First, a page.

Managing small business risk and uncertainty

It’s no surprise that being an entrepreneur means opening yourself up to risk and uncertainty – you come up with a great small business idea, spend time and money planning and then hang your shingle. Every day is different and, most often, challenging. But how much risk or uncertainty can you handle? How do you manage it?

What entrepreneurs surrender

We’re entrepreneurs too, so we’re familiar with the allure of starting your own business: Doing what you love and setting your own rules. However, we also know that starting your own business means giving up the security of set working hours, a steady paycheque and a relative amount of job security.

When starting your own business, you may use some of your own money to get going. You may not have an income for several months as you build momentum. These factors are the basic items of risk and uncertainty you can face in small business. There’s also the potential for a lack of structure, order and organization. Not to mention the small amount of worry that accompanies any new venture.

Don’t lose heart! Yes, it’s true that small business owners must be able to handle risk and uncertainty, but this skill is something that can be learned.

How entrepreneurs can manage risk and uncertainty

Here are a few tips to help you better handle the risks and uncertainties of entrepreneurship:

  • Learn creative ways to manage difficult times. No marketing budget? Try free avenues like social media and word-of-mouth.
  • Change your perspective. Can an unpredictable business situation lend itself to innovation or a great new invention?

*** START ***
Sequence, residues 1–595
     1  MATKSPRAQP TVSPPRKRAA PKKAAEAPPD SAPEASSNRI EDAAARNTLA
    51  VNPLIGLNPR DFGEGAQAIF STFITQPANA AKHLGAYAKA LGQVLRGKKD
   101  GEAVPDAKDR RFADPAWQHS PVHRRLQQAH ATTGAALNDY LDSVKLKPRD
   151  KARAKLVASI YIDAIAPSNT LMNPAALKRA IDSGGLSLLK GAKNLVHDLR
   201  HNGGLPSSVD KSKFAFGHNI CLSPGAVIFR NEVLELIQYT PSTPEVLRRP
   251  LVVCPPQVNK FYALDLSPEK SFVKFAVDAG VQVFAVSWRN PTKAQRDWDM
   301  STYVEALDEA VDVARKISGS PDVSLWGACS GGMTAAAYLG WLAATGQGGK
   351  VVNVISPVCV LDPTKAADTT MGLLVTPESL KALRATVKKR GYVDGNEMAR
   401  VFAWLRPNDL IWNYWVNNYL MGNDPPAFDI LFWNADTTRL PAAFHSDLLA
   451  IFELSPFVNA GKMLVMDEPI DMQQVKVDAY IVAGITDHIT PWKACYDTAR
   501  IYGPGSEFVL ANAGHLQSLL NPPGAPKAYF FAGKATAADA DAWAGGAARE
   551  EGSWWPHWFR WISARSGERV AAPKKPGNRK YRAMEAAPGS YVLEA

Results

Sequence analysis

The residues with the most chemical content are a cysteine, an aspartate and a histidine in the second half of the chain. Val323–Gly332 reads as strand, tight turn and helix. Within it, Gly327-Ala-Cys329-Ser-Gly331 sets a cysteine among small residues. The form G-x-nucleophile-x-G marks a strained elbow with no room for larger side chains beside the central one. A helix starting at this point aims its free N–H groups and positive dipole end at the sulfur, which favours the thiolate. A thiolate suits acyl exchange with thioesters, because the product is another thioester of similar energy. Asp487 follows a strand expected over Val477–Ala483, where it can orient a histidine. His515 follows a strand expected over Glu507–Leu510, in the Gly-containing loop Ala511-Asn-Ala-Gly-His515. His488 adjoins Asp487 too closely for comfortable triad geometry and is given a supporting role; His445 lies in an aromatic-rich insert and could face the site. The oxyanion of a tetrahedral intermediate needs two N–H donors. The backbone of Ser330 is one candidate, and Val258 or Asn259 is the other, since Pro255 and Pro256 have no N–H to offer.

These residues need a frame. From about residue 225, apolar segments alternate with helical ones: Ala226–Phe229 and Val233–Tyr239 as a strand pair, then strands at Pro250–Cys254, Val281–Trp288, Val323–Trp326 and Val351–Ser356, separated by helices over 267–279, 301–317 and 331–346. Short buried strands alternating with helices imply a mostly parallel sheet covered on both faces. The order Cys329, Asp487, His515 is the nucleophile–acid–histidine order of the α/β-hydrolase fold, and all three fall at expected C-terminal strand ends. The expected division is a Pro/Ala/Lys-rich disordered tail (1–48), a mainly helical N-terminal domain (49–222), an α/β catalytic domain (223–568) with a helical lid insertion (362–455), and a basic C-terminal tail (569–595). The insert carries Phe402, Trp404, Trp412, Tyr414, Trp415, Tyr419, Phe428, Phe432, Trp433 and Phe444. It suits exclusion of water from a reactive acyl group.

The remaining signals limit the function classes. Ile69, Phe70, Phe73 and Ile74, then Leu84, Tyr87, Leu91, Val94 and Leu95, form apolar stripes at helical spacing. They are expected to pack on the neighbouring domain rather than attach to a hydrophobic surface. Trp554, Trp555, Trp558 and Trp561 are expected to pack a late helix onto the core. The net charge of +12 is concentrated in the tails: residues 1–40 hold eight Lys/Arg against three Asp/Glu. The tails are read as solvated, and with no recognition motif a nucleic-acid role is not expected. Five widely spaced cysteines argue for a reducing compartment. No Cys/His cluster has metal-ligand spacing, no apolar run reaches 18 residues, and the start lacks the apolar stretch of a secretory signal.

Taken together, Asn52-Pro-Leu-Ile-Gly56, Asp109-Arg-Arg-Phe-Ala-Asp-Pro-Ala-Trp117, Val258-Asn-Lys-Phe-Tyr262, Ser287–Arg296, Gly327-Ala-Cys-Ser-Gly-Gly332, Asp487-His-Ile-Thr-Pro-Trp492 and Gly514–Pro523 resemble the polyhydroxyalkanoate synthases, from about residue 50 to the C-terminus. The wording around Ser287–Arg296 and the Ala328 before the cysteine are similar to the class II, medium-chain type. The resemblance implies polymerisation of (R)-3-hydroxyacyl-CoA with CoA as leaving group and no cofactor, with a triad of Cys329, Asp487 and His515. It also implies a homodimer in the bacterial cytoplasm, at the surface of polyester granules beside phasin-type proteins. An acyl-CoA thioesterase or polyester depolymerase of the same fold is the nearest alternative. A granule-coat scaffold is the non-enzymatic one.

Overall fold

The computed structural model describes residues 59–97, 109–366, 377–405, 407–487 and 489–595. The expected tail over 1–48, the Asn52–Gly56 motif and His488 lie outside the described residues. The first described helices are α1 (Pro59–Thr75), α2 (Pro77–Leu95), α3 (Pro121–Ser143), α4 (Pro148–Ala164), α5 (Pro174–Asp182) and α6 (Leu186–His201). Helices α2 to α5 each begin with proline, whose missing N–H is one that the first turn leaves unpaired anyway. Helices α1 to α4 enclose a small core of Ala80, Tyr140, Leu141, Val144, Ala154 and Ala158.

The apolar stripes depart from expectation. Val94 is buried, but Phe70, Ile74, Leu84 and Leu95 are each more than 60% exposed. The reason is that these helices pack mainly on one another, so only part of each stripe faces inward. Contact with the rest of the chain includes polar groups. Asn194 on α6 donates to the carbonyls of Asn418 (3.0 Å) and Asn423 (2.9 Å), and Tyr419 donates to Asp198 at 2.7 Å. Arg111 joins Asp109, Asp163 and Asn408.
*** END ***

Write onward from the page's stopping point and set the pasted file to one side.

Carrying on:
• Surround yourself with a strong support network that includes both trusted professional contacts and loved ones.
  • Make time for yourself. We know it can be difficult to turn off the worried part of your brain and spend an hour walking in the park, but trust us – a clear head is much better suited to evaluating risk!
  • Practice adaptability. Keep track of what’s happening in your business environment and you’ll be better prepared to anticipate or react to uncertain times.
  • Know your business inside and out. Understanding what your business is all about and what is best for it will help you take more manageable risks.
  • Don’t do anything on impulse. Some clich├ęs are also just true, like the one that goes, “If it’s too good to be true, it probably is.” Sleep on it, plan it out on paper or speak with trusted advisors before jumping in.
  • Have a Plan B. And a Plan C too. What will you do if your new line of wedding invitations aren’t as warmly received as you’d hoped? Always have backup plans for a new product or service.
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